Key to Success for Amazon Suppliers

How Amazon Suppliers and Sellers Can Compete

Key to Success for Small Amazon Suppliers

In June 2021, Luckbox Magazine sat down with Lara O’Connor Hodgson, CEO, and co-founder of Now. The ongoing push in Washington, DC, to address antitrust concerns regarding Amazon and other tech giants was discussed during the interview, revealing Lara’s insight about the impact of Big Tech business practices on small businesses. 

Lara explains that while Senators Amy Klobuchar and Josh Hawley focus on Amazon’s e-commerce platform as a source of anti-competitive complaints, there is a significant anticompetitive practice that has been largely ignored by politicians. “The real danger for small businesses lies in Amazon’s balance sheet,” she asserts. “Not only does Amazon create its own products that compete on the platform against its smaller vendors, but the e-commerce giant also handles payment processing for these vendors. With long payment terms– stretching 45 days or more in some cases– Amazon effectively treats its vendors as a bank by capitalizing on trade credit.” 

We’re covering the additional insights provided by Lara that didn’t make the final cut of the magazine edition. (Be sure to check out the interview right here.)
Specifically, we want to showcase what NowAccount can do for a small company that might find itself selling on Amazon… and competing against Amazon in a product category.

“Stretching” Payment Practices

During the interview, Lara used a hypothetical situation to illustrate the anticompetitive practice by the tech giant that is going largely unchallenged although it creates a significant financial disadvantage.  

In her example, a small manufacturer of yoga mats is selling its products on Amazon’s retail platform. Meanwhile, Amazon is selling and marketing its Basics products – which includes a line of yoga equipment – on its platform. In this situation, both Amazon and the yoga competitor sell a product on the platform. Amazon not only receives revenue from the sale of its own product but it gets the payment from the sale of the vendor’s product as well.

“Amazon does not have to send the vendor payment for this product for several weeks or months, depending on the payment terms. This creates a distinct competitive disadvantage,” Lara explains. 

How Amazon Helped Shape NowAccount

Lara started NowAccount because of her own experience as a small business vendor with Amazon. “They changed my payment terms from 30 days to 45 days unilaterally, and I quickly realized that all of the large orders from Amazon would put me out of business.  Literally, while awaiting payment from Amazon, my firm could grow so much that I’d be out of business.”

With the launch of NowAccount, Lara explains that small businesses like hers or the hypothetical yoga mat distributor don’t have to wait on Amazon to process payment anymore. “Instead, they can rely on NowAccount to access their revenue right away.”

Let’s say that a company like Amazon bought 100 yoga mats. Typically, that seller will need to wait weeks for payment from the eCommerce giant. However, with NowAccount, they can receive payment the moment that they ship those mats. Once they receive the yoga mats, they can immediately put that money to work.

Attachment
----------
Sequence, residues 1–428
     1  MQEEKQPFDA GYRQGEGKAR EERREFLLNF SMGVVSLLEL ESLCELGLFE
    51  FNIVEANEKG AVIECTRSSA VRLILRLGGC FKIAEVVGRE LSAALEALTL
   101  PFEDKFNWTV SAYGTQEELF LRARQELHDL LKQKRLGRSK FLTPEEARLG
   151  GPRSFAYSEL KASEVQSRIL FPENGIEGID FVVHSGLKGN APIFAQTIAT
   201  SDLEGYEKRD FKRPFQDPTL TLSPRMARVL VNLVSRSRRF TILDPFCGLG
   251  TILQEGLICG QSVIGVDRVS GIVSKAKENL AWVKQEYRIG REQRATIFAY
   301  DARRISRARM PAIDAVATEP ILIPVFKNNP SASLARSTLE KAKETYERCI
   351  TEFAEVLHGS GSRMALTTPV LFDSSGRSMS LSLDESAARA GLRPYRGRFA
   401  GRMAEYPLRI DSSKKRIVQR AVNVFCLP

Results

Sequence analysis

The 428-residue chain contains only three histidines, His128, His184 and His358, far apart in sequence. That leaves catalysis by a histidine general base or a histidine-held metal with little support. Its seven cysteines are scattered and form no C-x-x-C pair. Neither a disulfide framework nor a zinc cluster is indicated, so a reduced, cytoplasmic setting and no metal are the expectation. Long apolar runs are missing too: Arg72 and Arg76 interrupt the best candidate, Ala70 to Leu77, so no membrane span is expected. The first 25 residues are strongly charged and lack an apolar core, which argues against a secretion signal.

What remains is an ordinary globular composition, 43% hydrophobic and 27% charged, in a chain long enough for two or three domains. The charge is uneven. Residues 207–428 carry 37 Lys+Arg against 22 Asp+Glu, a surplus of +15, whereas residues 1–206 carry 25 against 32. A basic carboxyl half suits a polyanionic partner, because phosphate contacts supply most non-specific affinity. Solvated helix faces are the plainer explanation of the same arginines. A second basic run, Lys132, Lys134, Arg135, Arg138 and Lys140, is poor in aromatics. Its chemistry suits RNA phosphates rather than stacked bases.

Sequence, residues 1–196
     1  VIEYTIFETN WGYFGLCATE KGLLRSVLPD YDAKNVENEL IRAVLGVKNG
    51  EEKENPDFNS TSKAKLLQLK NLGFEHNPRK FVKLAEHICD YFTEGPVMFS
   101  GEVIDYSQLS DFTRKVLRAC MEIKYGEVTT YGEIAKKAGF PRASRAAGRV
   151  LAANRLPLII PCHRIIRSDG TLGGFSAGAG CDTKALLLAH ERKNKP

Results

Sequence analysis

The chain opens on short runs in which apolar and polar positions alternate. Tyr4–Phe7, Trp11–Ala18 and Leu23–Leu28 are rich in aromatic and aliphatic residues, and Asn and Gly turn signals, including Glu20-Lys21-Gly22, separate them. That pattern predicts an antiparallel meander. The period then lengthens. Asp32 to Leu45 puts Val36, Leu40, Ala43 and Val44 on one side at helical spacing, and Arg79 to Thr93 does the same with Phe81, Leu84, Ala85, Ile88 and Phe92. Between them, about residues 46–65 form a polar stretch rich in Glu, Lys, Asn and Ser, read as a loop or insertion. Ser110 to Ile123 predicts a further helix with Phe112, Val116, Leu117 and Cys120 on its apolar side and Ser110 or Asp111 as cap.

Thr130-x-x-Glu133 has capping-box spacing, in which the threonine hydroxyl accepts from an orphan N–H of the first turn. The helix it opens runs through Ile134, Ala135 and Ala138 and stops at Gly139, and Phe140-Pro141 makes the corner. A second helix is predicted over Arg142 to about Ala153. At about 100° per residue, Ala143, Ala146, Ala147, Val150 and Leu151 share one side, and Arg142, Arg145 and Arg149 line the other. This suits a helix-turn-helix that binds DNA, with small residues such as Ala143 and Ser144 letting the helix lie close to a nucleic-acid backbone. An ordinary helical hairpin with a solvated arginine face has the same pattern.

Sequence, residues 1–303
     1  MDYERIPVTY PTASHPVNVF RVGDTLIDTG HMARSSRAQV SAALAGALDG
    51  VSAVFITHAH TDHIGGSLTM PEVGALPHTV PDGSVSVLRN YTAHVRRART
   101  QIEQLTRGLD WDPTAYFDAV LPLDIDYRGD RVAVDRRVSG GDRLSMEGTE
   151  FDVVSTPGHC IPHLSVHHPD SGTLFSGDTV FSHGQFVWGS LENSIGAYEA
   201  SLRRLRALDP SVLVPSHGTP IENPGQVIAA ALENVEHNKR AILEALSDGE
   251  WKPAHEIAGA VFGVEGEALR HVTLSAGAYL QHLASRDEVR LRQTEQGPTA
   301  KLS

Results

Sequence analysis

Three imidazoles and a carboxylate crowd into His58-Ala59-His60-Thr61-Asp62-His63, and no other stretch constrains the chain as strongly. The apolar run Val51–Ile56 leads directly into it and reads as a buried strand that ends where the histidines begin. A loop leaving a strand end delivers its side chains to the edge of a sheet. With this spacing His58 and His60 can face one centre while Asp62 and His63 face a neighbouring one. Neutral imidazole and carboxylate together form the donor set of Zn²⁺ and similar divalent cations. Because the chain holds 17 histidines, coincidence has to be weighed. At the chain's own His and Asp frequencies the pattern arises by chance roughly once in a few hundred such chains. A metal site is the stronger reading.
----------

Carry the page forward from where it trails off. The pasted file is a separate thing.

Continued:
As Lara notes, the yoga mat company hasn’t borrowed any money when using her company’s platform. NowAccount is not a loan. In addition, there isn’t any factoring of an invoice. Instead, the supplier can receive their revenue immediately.

“If you think about it, NowAccount levels the proverbial playing field. It doesn’t make Amazon give up their money any faster,” Lara says. “But it allows vendors to get their money faster. It’s not a zero-sum game. It allows the company to be on even footing and decide when it gets paid. The manufacturer takes the revenue from those 100 yoga mats I just delivered, and I can go make the next 100 yoga mats and try and compete.”

Lara recalls that years ago when she was struggling with Amazon,  Whole Foods, and other big customers, her only option was to borrow money from a bank. This was expensive, and it required personal guarantees and collateral. It also required Lara to take all the risks when Amazon was taking none.

“I am quite certain that Amazon Chairman Jeff Bezos doesn’t sign personal guarantees,” she says. “But I would have had to go borrow money from a bank, sign personal guarantees, put my house at risk, my children at risk, my spouse at risk. So that’s even above the actual dollar cost of the loan. Or I would have had to sign up with some factor that can be predatory just to compete. With NowAccount, I could just receive my revenue immediately. This platform is really the way commerce should work.”

Off-Balance Sheet Transactions

One of the other important insights of the interview that is especially important to small businesses is the way large customers keep these transactions off-balance sheets. 

Lara explained the off-balance-sheet practices of these companies and why extended payment terms have become such a widely used practice.

“When Whole Foods takes your Visa, they get that money from Visa. They will book that revenue as cash. There’s a merchant fee for accepting a Visa. This is an expense. From an accounting perspective, when that dollar comes in, they book $1 of revenue, and they book a three-cent expense. There is no liability on the balance sheet because they don’t owe the money back to anybody in any situation. If you don’t pay your Visa bill, they don’t owe it back. But if you borrow money from a bank, and you now have $1, you have $1 liability because that’s not your dollar.”

Similarly, with NowAccount the dollar you receive is actual revenue earned as if payment was being received from Visa, American Express, or MasterCard. “It’s not an advance or a loan from someone else,” she says. “It’s your money.”

To learn more about how NowAccount can help your business, visit here.